T 1608/16 (Detection of MRSA strains/BIOMERIEUX) of 29.11.2021

European Case Law Identifier: ECLI:EP:BA:2021:T160816.20211129
Date of decision: 29 November 2021
Case number: T 1608/16
Application number: 08868000.4
IPC class: C12Q 1/68
G01N 33/48
Language of proceedings: EN
Distribution: D
Download and more information:
Decision text in EN (PDF, 547 KB)
Documentation of the appeal procedure can be found in the Register
Bibliographic information is available in: EN
Versions: Unpublished
Title of application: DETECTION OF METHICILLIN-RESISTANT STAPHYLOCOCCUS AUREUS
Applicant name: Biomerieux Sa
Opponent name: Euroimmun Medizinische Labordiagnostika AG
STRAWMAN LIMITED
James Poole Limited
Board: 3.3.08
Headnote: -
Relevant legal provisions:
European Patent Convention Art 83
European Patent Convention Art 54
European Patent Convention Art 56
Keywords: Main Request - requirements of the EPC met (yes)
Catchwords:

-

Cited decisions:
-
Citing decisions:
-

Summary of Facts and Submissions

I. European patent No. 2 231 869 is based on European patent application No. 08868000.4 (published as International patent application WO 2009/085221) and was opposed on the grounds of Articles 100(a), (b) and (c) EPC. The opposition division considered the main request and auxiliary request 1 to contravene Article 123(2) EPC and took the view that auxiliary request 2 and the description adapted thereto complied with the requirements of the EPC.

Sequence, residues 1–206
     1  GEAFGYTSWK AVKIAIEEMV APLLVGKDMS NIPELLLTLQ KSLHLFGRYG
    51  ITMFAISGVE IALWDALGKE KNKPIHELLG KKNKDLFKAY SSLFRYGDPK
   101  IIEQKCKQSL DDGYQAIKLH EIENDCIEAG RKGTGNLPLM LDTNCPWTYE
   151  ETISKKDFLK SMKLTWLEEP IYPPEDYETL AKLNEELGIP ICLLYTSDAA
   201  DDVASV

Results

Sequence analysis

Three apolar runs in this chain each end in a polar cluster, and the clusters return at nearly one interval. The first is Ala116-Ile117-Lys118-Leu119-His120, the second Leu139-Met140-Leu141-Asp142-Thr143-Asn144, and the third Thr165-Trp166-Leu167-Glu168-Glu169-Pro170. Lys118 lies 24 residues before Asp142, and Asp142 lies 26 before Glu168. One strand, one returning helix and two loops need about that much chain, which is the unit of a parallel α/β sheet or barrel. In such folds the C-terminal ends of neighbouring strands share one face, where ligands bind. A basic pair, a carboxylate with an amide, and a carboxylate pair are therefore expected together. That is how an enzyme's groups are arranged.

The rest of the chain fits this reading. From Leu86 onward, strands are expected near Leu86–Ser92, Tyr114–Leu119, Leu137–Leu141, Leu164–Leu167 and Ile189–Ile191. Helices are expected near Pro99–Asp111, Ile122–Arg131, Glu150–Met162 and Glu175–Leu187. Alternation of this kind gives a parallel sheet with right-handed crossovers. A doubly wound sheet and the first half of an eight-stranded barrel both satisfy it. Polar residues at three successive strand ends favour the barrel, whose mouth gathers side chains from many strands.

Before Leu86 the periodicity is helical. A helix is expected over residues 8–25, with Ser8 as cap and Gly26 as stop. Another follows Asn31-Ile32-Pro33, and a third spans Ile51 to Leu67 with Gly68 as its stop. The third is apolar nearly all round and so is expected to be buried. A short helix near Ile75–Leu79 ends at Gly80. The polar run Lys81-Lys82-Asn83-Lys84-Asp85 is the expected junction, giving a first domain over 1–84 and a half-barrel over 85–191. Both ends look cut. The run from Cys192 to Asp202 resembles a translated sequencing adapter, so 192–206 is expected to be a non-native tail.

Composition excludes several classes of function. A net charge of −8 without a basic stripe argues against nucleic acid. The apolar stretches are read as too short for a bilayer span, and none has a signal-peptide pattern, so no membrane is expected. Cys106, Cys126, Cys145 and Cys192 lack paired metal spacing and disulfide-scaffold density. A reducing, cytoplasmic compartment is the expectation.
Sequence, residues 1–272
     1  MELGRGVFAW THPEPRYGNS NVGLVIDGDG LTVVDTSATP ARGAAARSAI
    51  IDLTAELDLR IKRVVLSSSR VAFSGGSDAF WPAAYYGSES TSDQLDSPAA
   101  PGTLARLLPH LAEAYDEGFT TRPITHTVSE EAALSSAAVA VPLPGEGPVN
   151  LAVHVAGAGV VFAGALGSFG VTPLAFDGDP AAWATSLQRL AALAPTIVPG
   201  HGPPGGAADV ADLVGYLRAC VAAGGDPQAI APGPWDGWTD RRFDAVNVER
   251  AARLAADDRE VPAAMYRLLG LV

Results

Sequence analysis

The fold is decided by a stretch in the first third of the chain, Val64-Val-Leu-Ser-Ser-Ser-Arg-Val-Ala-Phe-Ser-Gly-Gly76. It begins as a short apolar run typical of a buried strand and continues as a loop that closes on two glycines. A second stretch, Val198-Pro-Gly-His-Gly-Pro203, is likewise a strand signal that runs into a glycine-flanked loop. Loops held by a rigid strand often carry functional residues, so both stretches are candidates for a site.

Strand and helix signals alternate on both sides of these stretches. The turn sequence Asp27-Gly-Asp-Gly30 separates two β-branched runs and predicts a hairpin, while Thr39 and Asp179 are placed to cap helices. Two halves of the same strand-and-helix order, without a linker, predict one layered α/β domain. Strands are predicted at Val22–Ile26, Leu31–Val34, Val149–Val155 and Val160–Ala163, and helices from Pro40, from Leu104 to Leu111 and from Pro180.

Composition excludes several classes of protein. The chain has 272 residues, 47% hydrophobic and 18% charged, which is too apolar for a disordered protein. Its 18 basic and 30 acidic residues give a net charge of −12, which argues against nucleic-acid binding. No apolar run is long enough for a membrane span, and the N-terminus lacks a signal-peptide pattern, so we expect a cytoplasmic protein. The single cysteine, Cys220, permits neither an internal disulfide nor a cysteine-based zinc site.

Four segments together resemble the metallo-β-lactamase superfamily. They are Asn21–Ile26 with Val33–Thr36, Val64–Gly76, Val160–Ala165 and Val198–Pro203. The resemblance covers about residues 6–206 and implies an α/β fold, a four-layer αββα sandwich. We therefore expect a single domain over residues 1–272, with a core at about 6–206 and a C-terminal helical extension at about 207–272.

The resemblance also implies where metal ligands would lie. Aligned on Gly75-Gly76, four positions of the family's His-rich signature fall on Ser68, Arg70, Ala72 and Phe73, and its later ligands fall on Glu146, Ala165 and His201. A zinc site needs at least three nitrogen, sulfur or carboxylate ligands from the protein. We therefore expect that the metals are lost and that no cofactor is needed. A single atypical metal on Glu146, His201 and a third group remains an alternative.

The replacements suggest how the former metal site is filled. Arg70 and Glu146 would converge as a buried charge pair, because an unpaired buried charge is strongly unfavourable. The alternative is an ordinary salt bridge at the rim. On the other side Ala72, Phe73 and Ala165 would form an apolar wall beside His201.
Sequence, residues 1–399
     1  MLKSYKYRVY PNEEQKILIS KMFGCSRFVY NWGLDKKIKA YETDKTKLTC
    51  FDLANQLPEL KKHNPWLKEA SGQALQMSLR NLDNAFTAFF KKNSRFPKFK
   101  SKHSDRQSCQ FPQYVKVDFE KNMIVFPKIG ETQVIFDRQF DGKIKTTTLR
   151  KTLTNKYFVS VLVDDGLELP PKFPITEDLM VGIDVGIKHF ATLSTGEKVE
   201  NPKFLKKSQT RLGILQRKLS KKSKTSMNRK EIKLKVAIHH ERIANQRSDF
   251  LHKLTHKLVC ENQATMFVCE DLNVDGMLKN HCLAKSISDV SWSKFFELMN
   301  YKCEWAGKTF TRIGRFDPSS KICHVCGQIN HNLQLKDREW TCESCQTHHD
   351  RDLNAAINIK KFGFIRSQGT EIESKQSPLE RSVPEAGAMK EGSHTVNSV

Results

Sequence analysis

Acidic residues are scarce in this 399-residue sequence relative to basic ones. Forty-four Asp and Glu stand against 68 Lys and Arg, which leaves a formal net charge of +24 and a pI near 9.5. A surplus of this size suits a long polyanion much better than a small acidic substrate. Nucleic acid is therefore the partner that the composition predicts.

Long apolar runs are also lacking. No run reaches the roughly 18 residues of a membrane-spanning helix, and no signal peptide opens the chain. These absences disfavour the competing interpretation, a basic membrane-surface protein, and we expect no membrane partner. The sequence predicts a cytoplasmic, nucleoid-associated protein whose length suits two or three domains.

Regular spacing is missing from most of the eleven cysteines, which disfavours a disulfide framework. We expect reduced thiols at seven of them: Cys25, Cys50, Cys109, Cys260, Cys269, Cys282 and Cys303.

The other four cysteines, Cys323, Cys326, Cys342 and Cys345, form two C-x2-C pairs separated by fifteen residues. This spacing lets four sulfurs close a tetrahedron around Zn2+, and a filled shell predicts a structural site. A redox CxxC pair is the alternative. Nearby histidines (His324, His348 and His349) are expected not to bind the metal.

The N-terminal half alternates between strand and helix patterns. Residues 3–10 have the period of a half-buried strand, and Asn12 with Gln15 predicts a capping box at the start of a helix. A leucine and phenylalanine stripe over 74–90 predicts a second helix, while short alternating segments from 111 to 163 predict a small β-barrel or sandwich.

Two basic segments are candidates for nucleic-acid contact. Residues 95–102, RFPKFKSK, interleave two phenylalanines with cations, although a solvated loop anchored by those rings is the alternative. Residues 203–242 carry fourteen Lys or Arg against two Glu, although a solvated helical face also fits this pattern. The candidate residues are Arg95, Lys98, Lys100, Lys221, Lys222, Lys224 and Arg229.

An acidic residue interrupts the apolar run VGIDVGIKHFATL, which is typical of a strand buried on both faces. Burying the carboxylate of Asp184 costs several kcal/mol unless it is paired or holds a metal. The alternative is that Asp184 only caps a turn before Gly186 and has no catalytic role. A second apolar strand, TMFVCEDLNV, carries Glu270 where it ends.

II. The opponents 2 and 3 (appellant I and II respectively) lodged an appeal against the decision of the opposition division.

III. Together with its statement of grounds of appeal, appellant I submitted new documents D55 and D56.

IV. Appellant I withdrew both its appeal and its opposition with a letter dated 28 May 2019 and 26 May 2020 respectively. It ceased to be party to the proceedings.

The appeal fee paid by Appellant I was reimbursed at 50% on 18 June 2019, in accordance with Rule 103(2) EPC as applicable at that time.

V. The party as of right (Opponent 1) withdrew its opposition with a letter dated 15 October 2020. It did not make any submissions in appeal proceedings. It ceased to be party to the proceedings.

VI. The parties were summoned to oral proceedings. The board sent a communication pursuant to Article 17(1) RPBA 2020.

VII. Appellant II informed the board with letters dated 18 September 2020 and 9 November 2020 that it would not attend the scheduled oral proceedings.

VIII. The patent proprietor (respondent) replied to the statement of grounds of appeal of appellants I and II and filed auxiliary requests 1 to 7 consisting of a new auxiliary request 1 and renumbered auxiliary requests 3 and 9-13 filed on 19 February 2016. It informed the board with letter dated 9 November 2020 that it would not attend the scheduled oral proceedings.

IX. Oral proceedings were cancelled.

X. Independent claims 1, 4, 14 and 26 of the main request read as follows:

"1. A method of detecting in a sample a methicillin-resistant Staphylococcus aureus (MRSA) having an insertion of an SCCmec cassette within Staphylococcus aureus chromosomal DNA, comprising:

performing on the sample an amplification and detection reaction utilizing:

- a) a first primer capable of specifically hybridizing in an extremity junction region of the SCCmec cassette,

- b) a second primer capable of specifically hybridizing in an extremity junction region of chromosomal Staphylococcus aureus DNA, and

- c) a probe capable of specifically hybridizing to a region of the SCCmec cassette between the region with which the first primer is capable of hybridizing and the junction,